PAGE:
I've been thinking about this over the weekend. Here are my conclusions:
1) Centcom this week announced the completion of a network of border forts across the Western frontier of Iraq. I commented on their structure at Grim's Hall: they are brand-new forts designed to repel infantry attacks. They have turrets that allow them to defend every point with overlapping fields of fire. They are designed to hold garrisons of 20-40 each, and they will be manned by Iraqi forces.
At first, I waived the question of why what is intended as a police station -- the Iraqi border police are trained, in part, by our own Border Patrol -- would be constructed as fortresses. The smugglers in western Iraq are tribal, and dangerous; you wouldn't want your armories overrun. Just a reasonable, if slightly excessive, precaution, I thought.
Still, it bothered me. The second piece of the puzzle was provided by the Commissar.
While senior U.S. commanders have indicated that troops will be required to stay longer in Anbar than elsewhere in Iraq, they have already begun cutting back forces in some smaller, less strategic towns along the Euphrates. In Hit, Graves’s Army battalion replaced a much bigger Marine contingent; U.S. troops have been ordered recently to leave other regions in western Anbar to reinforce Baghdad.
It appears that we are not going to be the force that quells al Anbar this time.
The Central government's Iraqi Army is becoming more and more powerful. It's taken on divison-level transfers of authority; recently, it promised to take on security for the whole country by year's end. The government is led by people who had the guts to treat with the United States in covert operations against Saddam during the 1990s. Tom Holsinger, at Winds of Change, states that the Sunni population has already decreased substantially in Iraq.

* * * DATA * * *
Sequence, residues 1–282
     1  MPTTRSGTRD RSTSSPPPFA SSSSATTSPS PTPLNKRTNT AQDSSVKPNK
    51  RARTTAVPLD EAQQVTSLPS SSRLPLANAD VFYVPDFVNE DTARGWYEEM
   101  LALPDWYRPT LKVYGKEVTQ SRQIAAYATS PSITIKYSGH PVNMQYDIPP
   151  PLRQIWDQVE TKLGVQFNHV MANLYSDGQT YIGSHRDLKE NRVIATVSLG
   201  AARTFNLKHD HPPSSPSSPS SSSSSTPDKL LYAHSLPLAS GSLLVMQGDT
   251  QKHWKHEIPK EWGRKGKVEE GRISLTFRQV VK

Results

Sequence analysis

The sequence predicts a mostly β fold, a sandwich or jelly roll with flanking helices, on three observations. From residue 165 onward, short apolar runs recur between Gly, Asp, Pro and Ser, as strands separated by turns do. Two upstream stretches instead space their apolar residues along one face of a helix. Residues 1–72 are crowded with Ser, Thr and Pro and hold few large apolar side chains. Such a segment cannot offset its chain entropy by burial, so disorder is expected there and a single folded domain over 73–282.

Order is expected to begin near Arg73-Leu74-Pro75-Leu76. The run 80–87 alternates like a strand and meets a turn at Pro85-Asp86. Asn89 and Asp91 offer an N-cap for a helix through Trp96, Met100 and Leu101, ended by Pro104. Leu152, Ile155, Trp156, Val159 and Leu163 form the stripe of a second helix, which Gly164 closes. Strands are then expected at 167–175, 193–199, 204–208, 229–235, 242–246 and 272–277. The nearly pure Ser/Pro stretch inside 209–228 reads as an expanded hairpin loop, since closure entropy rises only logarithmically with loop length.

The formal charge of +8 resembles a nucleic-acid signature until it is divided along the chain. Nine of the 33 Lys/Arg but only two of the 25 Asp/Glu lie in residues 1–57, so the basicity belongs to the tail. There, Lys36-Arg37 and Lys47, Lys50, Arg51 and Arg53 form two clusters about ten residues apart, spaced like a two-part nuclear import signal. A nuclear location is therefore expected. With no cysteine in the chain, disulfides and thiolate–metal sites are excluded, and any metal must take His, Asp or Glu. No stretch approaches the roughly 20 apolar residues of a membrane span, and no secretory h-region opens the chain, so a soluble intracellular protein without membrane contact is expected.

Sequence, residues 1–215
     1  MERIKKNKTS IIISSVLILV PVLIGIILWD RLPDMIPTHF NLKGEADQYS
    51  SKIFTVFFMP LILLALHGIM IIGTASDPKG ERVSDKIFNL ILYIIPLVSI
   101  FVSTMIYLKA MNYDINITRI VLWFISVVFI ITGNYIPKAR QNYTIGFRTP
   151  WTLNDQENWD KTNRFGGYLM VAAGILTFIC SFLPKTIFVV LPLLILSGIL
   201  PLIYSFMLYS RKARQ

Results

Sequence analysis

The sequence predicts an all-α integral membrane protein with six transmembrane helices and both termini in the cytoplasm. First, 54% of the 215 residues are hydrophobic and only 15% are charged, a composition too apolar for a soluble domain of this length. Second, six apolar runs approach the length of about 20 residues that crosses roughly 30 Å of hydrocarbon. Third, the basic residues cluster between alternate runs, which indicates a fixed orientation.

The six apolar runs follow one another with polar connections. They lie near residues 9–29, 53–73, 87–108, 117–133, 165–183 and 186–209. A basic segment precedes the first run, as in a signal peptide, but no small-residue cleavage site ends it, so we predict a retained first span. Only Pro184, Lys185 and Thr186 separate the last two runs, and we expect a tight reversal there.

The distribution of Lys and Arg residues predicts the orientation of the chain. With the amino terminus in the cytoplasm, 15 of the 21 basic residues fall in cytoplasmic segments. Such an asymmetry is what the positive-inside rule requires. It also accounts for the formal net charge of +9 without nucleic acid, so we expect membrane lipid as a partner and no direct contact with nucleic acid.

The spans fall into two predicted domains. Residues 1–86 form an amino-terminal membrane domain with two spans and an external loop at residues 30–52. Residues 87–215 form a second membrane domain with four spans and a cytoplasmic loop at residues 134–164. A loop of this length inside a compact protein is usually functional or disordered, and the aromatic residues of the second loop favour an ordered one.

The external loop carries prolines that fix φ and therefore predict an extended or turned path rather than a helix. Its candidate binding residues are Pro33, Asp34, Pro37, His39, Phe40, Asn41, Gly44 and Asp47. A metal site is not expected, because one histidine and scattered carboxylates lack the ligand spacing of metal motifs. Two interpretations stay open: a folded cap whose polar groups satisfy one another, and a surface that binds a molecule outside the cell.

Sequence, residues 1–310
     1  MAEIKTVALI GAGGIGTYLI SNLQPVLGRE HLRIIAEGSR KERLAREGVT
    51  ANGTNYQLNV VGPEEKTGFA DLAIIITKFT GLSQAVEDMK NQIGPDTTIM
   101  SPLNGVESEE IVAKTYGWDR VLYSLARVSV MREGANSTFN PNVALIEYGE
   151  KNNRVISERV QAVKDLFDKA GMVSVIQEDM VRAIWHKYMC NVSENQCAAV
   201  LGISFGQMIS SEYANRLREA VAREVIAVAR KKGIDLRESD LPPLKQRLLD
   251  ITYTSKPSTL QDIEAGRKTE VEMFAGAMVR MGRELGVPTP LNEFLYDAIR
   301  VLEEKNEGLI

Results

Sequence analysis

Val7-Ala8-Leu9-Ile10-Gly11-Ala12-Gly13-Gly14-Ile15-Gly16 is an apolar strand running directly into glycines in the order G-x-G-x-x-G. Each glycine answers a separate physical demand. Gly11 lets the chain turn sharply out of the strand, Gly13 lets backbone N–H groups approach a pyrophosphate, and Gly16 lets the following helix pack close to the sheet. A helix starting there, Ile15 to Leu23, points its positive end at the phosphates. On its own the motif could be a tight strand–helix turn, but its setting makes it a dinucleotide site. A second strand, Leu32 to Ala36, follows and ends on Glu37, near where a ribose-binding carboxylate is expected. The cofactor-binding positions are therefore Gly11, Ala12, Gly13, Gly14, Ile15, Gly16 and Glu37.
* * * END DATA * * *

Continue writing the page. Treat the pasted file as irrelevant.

So, here is my prediction for Iraq: We will participate in subduing Baghdad, and destroying al-Sadr. We fought the same fight in the holy city of Najaf, and across eastern Iraq, and won it. We can do it again in his strongholds of Baghdad. We will pass a secure capital to Iraq as our parting gift.
But we won't do another Fallujah-style campaign in al Anbar. When it is time to move again against al Anbar province, Iraq's central government will do it themselves. They now have the capability to close the western frontier with the forts, and hold those forts against even serious infantry attacks. This will be a hammer-and-anvil movement, of the sort we regularly employed in Vietnam, but for keeps. Sunni tribes will be evicted and allowed to withdraw -- forever -- to Jordan or Syria, or destroyed, as the Central government prefers.
There will be no partition of Iraq. The Sunnis will comply, or leave, or be destroyed. We have given them the tools, and I see no reason to believe the government of Iraq would refrain from using those tools. I wouldn't, humane though I hope to be. It would save lives in the long run.
The wider war:
Iran made two statements this week that suggest a wider war. The first was its claim that Israel had to be destroyed as a final settlement; the second, its admission that it was providing and would continue to provide arms to Hezbollah. Iran is now openly committed, having confessed to acts of war against a party already engaged in war, Israel.
The US-France peace plan that is coming into play may restrain Israel for a time. Unless Iran reins in its intentions, however, it cannot restrain Israel forever. Israel cannot permit Hezbollah to be rearmed openly, without even plausible deniability to cover Iran's activities.
An Israeli-Iranian war is almost inevitable in the future. Because it will be fought across Iraq's airspace, and because Iran's strongest supporters in Iraq are al Sadr's men, the destruction of al Sadr and his militias is that much more an imperative for the US and the Central Government of Iraq. There is no avoiding it -- even if Iraq and the US don't wish to support Israel, as they well may not, they need to eliminate a serious threat to future stability within Iraq.
I suspect that we will one day speak of the war in Iraq the way we speak of the Spanish Civil War -- that is, rarely by comparison to the greater war that followed it. Peace is not in the cards. Things are going to get worse. Our enemies are glad to employ terrorists, who will try to bring the war to our homes. The wise man will prepare his sword, and the arm that may wield it.